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Article
November 1980

Aging of the Optic Nerve

Author Affiliations

From the Departments of Pathology (Dr Dolman) and Ophthalmology (Drs Drance and McCormick), Vancouver General Hospital, and the University of British Columbia, Canada.

Arch Ophthalmol. 1980;98(11):2053-2058. doi:10.1001/archopht.1980.01020040905024
Abstract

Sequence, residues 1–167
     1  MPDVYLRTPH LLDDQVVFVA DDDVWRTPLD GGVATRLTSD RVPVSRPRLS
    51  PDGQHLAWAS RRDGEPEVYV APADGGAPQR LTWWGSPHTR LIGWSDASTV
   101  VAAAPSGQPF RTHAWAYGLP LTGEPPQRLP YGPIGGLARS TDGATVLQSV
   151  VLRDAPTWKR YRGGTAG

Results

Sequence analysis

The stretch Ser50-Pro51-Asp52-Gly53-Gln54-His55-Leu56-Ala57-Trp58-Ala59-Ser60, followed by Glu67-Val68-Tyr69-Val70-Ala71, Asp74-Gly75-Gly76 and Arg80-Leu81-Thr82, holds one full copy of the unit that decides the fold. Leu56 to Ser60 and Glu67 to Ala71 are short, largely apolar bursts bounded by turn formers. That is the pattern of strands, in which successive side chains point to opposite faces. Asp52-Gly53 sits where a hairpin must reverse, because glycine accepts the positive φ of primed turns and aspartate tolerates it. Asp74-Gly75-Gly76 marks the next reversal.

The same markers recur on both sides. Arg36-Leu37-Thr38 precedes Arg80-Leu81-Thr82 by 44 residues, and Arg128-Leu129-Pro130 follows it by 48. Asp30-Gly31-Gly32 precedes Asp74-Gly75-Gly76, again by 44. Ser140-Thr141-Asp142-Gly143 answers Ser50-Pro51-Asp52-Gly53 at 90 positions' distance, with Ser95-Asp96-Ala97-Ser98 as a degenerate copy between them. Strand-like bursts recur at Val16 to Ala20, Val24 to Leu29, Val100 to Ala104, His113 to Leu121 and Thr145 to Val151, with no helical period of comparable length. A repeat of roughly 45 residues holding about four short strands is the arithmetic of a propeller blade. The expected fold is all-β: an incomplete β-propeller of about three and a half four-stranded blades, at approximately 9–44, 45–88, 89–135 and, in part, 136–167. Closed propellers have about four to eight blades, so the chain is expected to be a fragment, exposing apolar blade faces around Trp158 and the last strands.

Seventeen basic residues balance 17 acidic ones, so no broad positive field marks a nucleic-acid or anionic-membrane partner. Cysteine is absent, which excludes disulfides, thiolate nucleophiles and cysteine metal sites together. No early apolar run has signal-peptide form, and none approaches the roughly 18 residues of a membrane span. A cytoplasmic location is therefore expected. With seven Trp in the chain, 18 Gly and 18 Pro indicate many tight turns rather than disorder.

• Histologic studies were carried out on 300 optic nerves covering ages from birth to 96 years. The optic nerve is small and nearly unmyelinated at birth. It rapidly grows and becomes medullated. With advancing years, the leptomeninges and fibrous septa become broader and occupy an increasingly larger proportion of the cross-sectional area of the nerve. The axons progressively diminish, and this probably reflects primarily a loss of ganglion cells and would contribute considerably to reduced visual acuity in the older population. Other age-associated degenerative changes are corpora amylacea and lipofuscin in astrocytic cytoplasm. In the older population, scars, swollen axons, and Schnabel's cavernous degeneration become common, indicating a high incidence of vascular impairment.

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